Loneliness … OR … Doing things alone


  loneliness  4Co-dependence has gotten a bad rap from substance abuse recovery terminology. Most people are social beings, both emotionally and biologically who live in communities because they need company. We all need company as we cannot do everything alone. We need help. Collaboration is our biggest survival skill. We would die off without it. If one is alive, odds are that you have received or been given help in one way or another at some time or another. We have the idea that we are weak and if we are unable to do things independently and that it is  a problem. But nobody, least of all successful people, don’t do every single thing alone and nor do top executives. Surgeons don’t operate alone and doctors have nurses to aid them. World leaders have helpers so independence is overrated. We need one another and should be there for each other. Do you know of anyone who does every single thing alone? I don’t, so, why do we hold ourselves to this standard? Maybe it’s a question of worth. A person might have a low sense of self-worth unless they do things alone. It might actually be a judgment against himself or herself.

 Being Lonely

 Now being lonely is totally different. Loneliness is upsetting. It can bring on a depression. Being lonely imeans that one feels isolated. It breeds negative self-identity, increases sadness and anxiety. When somebody feels lonely, that individual feels unloved. He/she remembers all the evidence pointing to this fact and for some reason their minds become empty of all the evidence against it. Loneliness makes a person think things like:- I ruin everybody’s life. I can’t call anyone because they will consider it an imposition. No one wants to hear from me. I make bad decisions. I don’t even know how to act in social situations. I am awkward. I have nothing to offer. The bottom line is; I am a dork.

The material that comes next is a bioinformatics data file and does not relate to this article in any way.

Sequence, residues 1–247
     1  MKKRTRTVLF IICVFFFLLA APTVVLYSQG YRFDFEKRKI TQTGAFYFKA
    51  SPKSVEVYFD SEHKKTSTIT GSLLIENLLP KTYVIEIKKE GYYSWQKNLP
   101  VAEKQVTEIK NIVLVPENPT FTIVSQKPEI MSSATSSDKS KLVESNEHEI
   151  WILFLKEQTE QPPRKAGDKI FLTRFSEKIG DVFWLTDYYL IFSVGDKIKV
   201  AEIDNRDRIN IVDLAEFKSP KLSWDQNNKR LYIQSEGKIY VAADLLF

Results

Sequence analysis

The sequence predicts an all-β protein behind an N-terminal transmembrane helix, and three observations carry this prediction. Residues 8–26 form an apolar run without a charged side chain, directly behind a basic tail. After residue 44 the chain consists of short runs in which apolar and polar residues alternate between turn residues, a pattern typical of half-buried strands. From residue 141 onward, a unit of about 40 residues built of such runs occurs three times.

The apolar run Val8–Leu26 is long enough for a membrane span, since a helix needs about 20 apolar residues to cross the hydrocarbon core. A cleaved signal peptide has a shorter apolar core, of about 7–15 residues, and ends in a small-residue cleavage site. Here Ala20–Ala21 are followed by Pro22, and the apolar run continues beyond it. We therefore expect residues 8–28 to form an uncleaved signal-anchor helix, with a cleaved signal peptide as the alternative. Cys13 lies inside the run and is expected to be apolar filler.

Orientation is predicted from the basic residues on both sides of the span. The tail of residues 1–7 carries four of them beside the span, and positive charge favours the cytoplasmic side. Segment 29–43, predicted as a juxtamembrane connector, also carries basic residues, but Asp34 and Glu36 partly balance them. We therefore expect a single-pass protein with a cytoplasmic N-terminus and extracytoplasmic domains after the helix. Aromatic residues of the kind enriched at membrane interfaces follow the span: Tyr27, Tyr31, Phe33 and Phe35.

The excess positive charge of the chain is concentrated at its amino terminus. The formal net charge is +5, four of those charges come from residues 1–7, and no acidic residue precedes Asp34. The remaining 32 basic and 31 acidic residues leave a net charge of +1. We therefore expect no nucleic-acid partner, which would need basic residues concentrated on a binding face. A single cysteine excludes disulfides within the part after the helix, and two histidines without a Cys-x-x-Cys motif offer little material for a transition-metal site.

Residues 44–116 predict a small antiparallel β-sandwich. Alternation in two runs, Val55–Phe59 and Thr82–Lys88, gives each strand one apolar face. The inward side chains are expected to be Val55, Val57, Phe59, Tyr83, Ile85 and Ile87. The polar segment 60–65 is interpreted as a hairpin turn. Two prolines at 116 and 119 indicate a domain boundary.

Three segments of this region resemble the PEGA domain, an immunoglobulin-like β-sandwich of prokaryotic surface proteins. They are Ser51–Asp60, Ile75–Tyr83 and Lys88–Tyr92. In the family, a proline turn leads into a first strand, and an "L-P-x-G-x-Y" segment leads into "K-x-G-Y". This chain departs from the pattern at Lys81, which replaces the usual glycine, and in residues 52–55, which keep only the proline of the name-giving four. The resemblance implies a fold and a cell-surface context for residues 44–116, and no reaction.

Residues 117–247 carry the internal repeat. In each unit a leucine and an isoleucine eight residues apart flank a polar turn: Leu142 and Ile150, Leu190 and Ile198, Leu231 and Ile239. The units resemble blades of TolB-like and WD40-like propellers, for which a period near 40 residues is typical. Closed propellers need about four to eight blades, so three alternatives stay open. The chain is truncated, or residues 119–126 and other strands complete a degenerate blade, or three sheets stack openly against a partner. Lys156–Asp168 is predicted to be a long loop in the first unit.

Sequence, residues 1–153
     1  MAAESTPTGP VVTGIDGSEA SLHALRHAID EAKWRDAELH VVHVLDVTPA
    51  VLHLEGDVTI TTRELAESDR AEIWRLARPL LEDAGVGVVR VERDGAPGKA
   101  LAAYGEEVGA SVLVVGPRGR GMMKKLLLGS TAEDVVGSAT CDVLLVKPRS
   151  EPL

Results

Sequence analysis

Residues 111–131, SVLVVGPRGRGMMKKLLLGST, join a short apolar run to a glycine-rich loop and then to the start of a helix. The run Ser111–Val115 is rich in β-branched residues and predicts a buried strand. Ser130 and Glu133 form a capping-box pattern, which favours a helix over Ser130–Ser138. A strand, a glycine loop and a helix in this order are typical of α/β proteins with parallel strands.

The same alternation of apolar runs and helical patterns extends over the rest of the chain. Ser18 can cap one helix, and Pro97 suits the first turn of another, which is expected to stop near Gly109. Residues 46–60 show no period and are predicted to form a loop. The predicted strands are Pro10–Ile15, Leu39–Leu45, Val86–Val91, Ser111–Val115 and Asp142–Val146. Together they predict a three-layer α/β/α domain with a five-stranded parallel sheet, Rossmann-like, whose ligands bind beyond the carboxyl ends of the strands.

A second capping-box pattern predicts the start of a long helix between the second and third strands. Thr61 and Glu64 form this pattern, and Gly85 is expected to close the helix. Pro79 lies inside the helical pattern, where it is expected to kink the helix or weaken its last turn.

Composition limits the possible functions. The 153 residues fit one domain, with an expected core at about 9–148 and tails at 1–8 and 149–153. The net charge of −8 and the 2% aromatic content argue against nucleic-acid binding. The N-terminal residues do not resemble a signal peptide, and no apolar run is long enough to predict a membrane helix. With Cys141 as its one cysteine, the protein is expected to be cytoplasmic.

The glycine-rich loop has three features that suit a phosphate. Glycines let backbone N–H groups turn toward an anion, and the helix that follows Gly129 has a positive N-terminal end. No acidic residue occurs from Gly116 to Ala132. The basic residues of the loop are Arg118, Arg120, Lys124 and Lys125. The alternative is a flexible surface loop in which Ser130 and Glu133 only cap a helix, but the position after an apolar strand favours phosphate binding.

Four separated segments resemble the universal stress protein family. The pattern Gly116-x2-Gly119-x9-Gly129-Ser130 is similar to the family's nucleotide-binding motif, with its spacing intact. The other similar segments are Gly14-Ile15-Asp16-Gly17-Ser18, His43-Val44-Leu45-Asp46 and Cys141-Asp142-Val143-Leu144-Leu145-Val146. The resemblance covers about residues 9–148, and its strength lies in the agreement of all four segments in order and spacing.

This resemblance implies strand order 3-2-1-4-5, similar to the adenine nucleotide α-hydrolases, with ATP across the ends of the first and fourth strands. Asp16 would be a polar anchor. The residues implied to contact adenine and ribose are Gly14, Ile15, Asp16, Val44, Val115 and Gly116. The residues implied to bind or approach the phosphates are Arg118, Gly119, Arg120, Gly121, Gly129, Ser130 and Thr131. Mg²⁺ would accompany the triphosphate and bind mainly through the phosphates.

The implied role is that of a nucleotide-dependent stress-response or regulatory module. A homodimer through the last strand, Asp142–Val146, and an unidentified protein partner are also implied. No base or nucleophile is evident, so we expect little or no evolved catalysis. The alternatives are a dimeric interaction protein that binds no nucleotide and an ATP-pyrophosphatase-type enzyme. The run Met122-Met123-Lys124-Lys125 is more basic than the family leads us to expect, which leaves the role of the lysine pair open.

loneliness

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6 thoughts on “Loneliness … OR … Doing things alone

  1. sheridegrom - From the literary and legislative trenches.

    Excellent blog, Jill. I used to get so tired of that old ‘co-dependence’ speak when we lived in California. Tom and I were both accused of it more times than I care to even think about. We were always being called out on the carpet for loving each other too much! I once heard Tom challenge a Ph.D. with ‘How do YOU know when our loving ends and co-dependence begins.’ Another time I asked him if he had ever known unconditional love and after that, I went in search of a new group leader. I decided we were healthier than he was.
    Thanks so much for the follow.

    Reply
  2. Sara Jacobovici

    Jill, you’re article touches on such an important issue; the differences between doing things alone within the support of a community and loneliness; internalizing negative messages that turn individuals inward and isolates them from that same community. Why did it end on such an abrupt and hopeless note, “The bottom line is; I am a dork.”? Please, let people hear that it isn’t easy to come out of such a state but the individual and others need to make the effort to move out of this place.

    Reply
  3. Pieces of Bipolar

    Reblogged this on Pieces of Bipolar and commented:
    I found this post by Jill Sadowsky quite revealing. Differentiating between the physical state of doing things alone, versus the emotional state of being alone. Perhaps I’m an anomaly – I’m not social and pretty much do everything alone. I don’t often feel lonely. I wonder if its a bipolar thing (isolation). Enjoy, very interesting post

    Reply
    1. Jill Post author

      Sure, as most blog posts are from personal experience unfortunately. My son
      suffered from paranoid schizophrenia for about 26 years, was medication resistant and subsequently had no quality of life. He ended it 16 years later just before his 34th birthday. Now, I am doing my best to lessen the stigma and encourage people to speak out.
      Will reply to any questions and yes,
      It’s all my work.
      Sincerely,
      Jill

      Reply

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